Wednesday, November 23, 2011

What's in a name? Part Deux

Last time I asked the question in a blog post, it was October, I'd just finished the JRWC, and I was renaming my book.  In error, I must add--if you recall, I made the decision to do so without ever consulting the people who might actually read the book.  Now, though, I bring the topic of name up in relation to the author, not the book.

Yeah.  Remember when I ditched the pseudonym?  Way back when I began, I was concerned that someone would confuse me with "the real" Stephen King--perhaps I should say the bestseller Stephen King now--and buy my book in error.  From a sales standpoint, such an error would count a success on my part (so long as they didn't request a return), but from both a marketing and an integrity point of view it would be a failure, so I created Evan. 

Evan didn't last long, though.  It soon became quite a chore to keep the two identities active.  My friends, after all, don't know who Evan is, and they're my initial primary market.  Yeah, if this book had been the initial resounding worldwide phenom I had naively thought it might be, the Evan thing would've been a good idea.  It wasn't, though, and so most of my initial sales are to people who know me.  As Stephen, of course, not as Evan.  Thus, for the same reason Stephen King killed off Richard Bachman, I killed off Evan Koenig: he was more trouble than he was worth.

Since then I've had several people ask me if I'd be bothered if somebody bought my book thinking it was written by the bestselling author.  Of course I'd be bothered.  I like to play by the golden rule, and I know that were I to buy something that wasn't what it claimed to be, I'd be irritated. 

That's why I insisted on the H. in my name.  Stephen King the bestseller isn't Stephen H. King; he's Stephen E. King.  I know that because I pay attention, but I don't expect many of his fans to know that.  What I do expect them to realize is that, no matter what his middle initial is, he doesn't sign his books with it.  Granted, he also has something along the lines of "#1 New York Times Bestselling Author" in his cover somewhere and I don't, but some day I expect to have that as well.  Thus, the H. is what I'm sinking my hopes in to keep people from being fooled.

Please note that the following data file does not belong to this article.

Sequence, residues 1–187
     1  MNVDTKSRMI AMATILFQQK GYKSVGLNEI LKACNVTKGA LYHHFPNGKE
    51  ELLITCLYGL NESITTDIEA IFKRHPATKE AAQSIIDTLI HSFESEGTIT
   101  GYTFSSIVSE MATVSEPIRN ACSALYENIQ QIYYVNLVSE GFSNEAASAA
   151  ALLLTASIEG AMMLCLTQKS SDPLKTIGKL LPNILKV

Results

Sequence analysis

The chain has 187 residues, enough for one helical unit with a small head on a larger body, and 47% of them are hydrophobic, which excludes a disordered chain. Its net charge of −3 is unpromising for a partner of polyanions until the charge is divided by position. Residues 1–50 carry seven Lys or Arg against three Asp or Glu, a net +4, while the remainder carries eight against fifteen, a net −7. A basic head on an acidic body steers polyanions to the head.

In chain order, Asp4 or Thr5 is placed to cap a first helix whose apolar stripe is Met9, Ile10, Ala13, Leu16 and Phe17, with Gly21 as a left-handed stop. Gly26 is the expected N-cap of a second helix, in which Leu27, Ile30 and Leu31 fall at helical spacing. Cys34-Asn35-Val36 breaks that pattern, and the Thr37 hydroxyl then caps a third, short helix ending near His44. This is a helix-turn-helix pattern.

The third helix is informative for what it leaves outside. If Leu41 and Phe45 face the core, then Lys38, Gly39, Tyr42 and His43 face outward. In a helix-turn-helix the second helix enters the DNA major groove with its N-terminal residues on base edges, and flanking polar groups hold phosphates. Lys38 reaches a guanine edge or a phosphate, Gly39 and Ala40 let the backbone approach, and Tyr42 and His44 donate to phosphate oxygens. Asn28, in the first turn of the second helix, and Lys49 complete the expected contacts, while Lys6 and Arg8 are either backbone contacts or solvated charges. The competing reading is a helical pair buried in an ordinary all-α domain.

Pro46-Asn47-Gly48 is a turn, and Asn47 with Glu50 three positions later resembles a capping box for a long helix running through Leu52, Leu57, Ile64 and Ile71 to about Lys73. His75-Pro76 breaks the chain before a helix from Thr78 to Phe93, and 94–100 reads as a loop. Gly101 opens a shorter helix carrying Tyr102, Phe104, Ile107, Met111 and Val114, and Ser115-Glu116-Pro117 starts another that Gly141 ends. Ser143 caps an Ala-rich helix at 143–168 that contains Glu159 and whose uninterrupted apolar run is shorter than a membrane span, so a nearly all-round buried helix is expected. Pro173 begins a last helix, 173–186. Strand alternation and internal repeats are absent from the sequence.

All that said, it was funny how quickly my publisher was asked about it.  His blog post, swiped merrily from his site, is:

Question from a Literary Agent yesterday to Trestle Press marked URGENT: “Did you just publish Stephen King?” Our answer, “Why yes, we did!”

Heh.  So I'm a celebrity, of sorts.  Read on:

"Hey we did and we are extremely proud of it. His name is Stephen H. King and he has written “Cataclysm: Return of the Gods”. It is a very good full length novel selling for $4.99. It clearly states on the cover his full name and his bio (which I have placed below) gives you a nice snapshot of all the pertinent information.

What the bio does not tell you is that he is a really nice guy that flat out can write. I for one am very thankful that I get to work for him. He makes no bones about the fact that he is the “other” Stephen King that is why he adds the H. to his name. He could go without it and try to gain a few sales just on his name and the similarities, but I have way more respect for him and his work that he wants to be known for his writing skills and content, not the name sameness.
It is nice going to war every day with a talented author that wants to be known for his own skills and ability, so yes we say with a great deal of pride, That we do publish Stephen H. King; he rocks. To us “Stephen King” is the other “Stephen H. King”. 
One last thing, the REAL Stephen H. King has a great sense of humor. I think it would make a great blogtalk radio show and be very entertaining if anybody knows the “Other” Stephen H. King tell him I am looking for him. I would like to interview both on the same show. Just ask him to email me:"
Okay, I gotta admit that having such cool stuff written about me is--well, cool.  I also gotta say that being on a show with the bestseller Stephen King would be even cooler. 

In the meanwhile, I just wanna sell some books. 



  1. Too funny! As an author named Carrie Green, I can relate. I'm very happy that my last name is not White, like the famous Stephen King character. It's bad enough having the same first name (quite a few of my peers shared that they thought it would be hilarious, if I ran for prom queen, so that they could toss pig's blood on me). All you can do is hope that it helps, rather than hinders in marketing your books!

  2. I initially wanted to publish under a pen name because to many, Eileen Schuh is hard to spell and difficult to pronounce. However, it has stood me in good stead. Google me and the entire first 5 pages are links to ME. (note: I am not the Kelowna gynocologist who appears on page 6)
    You are so right, Stephen H. King, about the need to market and sell to friends, family, and those who know you. It's those lovely people who prove to be a novice novelist best customers.